One Way Printmaking Improves Your Painting

White-line Woodcut Print in Progress


After I fell in love with the white-line woodcut printing method, I realized that creating them was improving my painting.

I wouldn’t have expected that. In fact, I would have predicted that adding a medium would have meant less time painting which would lead to atrophied painting skills.

Instead, I found myself anticipating prints while I was painting. And that became a very useful thing.


 New Look at an Old Friend, oil on board
inspiration for the print pictured above

Right from the beginning, I had used some of my plein air sketches as references for my prints. I quickly transitioned into thinking about what would make a great print while I was painting.

That meant focusing, first and foremost, on creating solid compositions.

Compositions ARE paintings, really. Without a great composition, a painting will never work out no matter how skillful the brushwork is, no matter how vibrant the colors are, no matter how well it is rendered.

Before printmaking, I occasionally got a bit lazy about that. With oil paints, you can wipe off and start over or paint over things that don’t look right. With printmaking, it is a lot harder to fix mistakes - sometimes even impossible. Planning everything in advance doesn’t just make things easier - it is crucial.

Which really is true for painting too - if you want to get anywhere.

This was something I already knew and valued, but I didn’t always act like I knew and valued it. After printmaking for a short time, I painted like a printmaker - planning in advance.

And that made all my paintings more successful. I designed the compositions carefully right from the start and the rest of the session went smoothly.

Want to improve your painting? Paint like a printmaker. 


Wednesday, March 1, 2017

White-line woodcuts - A Love Story



 White-line woodcut progression

The very first time I saw a white-line woodcut, I fell instantly in love.

I think I knew it, but I didn’t believe it was happening. Is it really possible to fall in love with an art-making method?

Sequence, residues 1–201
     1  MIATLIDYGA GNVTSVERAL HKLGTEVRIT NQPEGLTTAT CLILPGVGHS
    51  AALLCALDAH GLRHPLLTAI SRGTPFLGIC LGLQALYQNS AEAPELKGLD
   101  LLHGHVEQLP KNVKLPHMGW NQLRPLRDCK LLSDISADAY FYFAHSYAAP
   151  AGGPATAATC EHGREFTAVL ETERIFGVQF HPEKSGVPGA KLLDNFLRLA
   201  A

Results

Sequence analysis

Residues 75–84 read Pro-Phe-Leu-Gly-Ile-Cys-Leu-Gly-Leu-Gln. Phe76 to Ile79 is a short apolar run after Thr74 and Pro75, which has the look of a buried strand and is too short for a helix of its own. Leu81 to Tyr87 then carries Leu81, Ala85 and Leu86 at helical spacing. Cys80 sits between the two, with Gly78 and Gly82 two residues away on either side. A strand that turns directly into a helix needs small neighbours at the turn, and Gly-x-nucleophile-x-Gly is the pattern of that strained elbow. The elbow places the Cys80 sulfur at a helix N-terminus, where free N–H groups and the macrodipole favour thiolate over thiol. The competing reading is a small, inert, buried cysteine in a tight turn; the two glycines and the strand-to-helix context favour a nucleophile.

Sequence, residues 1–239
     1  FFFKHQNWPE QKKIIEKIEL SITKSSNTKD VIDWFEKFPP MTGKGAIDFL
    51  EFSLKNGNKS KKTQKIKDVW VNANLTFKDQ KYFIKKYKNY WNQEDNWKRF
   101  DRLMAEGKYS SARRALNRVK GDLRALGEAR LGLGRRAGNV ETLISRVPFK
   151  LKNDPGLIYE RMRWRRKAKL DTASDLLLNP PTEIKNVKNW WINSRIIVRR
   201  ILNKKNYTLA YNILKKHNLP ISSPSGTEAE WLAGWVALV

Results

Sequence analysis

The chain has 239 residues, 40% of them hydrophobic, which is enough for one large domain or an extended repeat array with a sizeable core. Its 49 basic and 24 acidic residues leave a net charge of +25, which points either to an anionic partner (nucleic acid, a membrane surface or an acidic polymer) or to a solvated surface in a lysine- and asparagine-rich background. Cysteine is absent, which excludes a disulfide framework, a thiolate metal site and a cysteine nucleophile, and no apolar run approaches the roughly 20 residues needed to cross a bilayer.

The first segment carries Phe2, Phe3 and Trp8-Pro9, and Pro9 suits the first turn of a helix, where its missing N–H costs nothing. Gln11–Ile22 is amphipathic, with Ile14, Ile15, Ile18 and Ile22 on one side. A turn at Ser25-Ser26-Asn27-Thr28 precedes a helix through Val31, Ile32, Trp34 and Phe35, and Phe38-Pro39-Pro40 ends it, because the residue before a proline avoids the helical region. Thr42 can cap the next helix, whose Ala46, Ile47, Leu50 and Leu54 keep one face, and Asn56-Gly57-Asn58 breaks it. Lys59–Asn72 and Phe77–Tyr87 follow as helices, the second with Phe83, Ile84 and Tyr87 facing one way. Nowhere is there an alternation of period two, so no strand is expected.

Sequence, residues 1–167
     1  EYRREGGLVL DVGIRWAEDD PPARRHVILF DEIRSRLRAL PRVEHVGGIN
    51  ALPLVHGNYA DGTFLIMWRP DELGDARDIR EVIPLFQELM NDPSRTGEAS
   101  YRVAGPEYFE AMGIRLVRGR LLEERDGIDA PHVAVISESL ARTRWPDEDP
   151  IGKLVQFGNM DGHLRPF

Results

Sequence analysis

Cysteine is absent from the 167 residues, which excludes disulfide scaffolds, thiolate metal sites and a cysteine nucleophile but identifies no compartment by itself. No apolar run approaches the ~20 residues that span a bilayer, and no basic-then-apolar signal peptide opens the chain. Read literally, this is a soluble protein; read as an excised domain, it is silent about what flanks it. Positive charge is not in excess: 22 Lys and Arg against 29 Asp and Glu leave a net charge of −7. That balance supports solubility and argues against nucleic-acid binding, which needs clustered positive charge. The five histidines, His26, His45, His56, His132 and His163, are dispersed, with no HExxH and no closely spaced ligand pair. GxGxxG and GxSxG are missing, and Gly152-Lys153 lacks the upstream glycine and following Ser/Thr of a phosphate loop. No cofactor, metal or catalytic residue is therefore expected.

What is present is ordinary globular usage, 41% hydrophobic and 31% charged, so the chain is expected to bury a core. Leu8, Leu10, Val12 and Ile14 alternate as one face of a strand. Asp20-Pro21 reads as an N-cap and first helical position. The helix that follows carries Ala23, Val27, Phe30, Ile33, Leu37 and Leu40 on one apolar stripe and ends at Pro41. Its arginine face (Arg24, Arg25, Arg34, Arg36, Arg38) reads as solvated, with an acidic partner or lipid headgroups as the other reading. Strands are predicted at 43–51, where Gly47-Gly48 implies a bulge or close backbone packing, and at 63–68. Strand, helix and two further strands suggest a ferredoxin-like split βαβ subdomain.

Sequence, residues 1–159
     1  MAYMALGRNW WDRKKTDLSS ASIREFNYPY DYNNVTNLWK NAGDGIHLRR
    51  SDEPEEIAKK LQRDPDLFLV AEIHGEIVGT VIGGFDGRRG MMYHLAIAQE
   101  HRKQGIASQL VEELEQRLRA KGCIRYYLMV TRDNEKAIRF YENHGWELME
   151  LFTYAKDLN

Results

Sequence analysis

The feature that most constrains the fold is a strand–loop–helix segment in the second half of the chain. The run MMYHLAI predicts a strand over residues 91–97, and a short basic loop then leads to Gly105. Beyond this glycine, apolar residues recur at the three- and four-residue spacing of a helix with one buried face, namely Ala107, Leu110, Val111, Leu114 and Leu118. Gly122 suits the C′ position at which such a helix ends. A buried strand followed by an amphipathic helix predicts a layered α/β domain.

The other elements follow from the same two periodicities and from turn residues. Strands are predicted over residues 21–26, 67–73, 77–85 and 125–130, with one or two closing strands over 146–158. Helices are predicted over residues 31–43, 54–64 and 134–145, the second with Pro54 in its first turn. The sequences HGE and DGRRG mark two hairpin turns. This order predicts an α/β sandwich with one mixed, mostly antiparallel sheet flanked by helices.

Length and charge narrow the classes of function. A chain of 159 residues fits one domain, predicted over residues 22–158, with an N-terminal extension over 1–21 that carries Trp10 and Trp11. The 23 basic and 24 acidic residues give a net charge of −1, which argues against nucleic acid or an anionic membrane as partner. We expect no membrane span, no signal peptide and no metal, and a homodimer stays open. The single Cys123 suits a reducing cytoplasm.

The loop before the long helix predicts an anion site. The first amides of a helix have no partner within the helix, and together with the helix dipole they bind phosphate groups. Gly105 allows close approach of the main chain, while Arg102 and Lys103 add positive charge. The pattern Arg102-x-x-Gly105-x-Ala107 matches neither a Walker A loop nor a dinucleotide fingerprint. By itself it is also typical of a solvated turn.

Here is what happened and you can decide:

When I had happily been painting for about a decade, I signed up for a printmaking class. I don't remember why - maybe I wanted to understand printmaking terms better on museum trips, maybe I had extra time and money lying around, maybe a little angel whispered in my ear.

During the next several weeks, the other students and I worked our way through monotypes, collagraphs, etching, screenprints, solar plates, and, one fateful night, reliefs.

At the beginning of that evening’s class, the instructor showed us blocks and examples of block prints other students had created. She also shared a small book about Blanche Lazzell, a white-line woodcut artist. The teacher had a white-line block with some paper attached to it that she had been using as a demo for years. Using watercolor and a wooden spoon, she added another petal to her flower design right in front of us.

I had a little linoleum block and I was carving a small still life, but I had a real hard time focusing. Every few minutes, I would put down my Speedball carving tool and made my way across the room to look at the Blanche Lazzell book. Then I would scold myself to get back to work and return to carving my little block.

All night long, the book and the instructor’s block called to me like a Siren and I didn’t finish my linoleum carving that evening.

If I dreamt of white-line woodcuts that night, I don't remember it. What I do remember is that I leapt out of bed at 5:30 the next morning (not my usual get up time), and rushed around gathering a small piece of spare plywood, a utility knife and a crusty water color set. I quickly drew a small design loosely based on mountains in winter, transferred it to the paper, carved it, inked it and printed it. 

Before breakfast, I had created my first white-line woodcut start to finish.

Since the night white-line woodcuts and I fell in love with each other, I have met other obsessed souls. There is something unique and special about them. 

Maybe you have already fallen in love... 

Maybe you would like to see what power this medium holds over those of us who are under its spell. 

Either way, you could find out if this is for you by signing up for my workshop! It is in May in Manchester, NH.

Find out more by clicking here!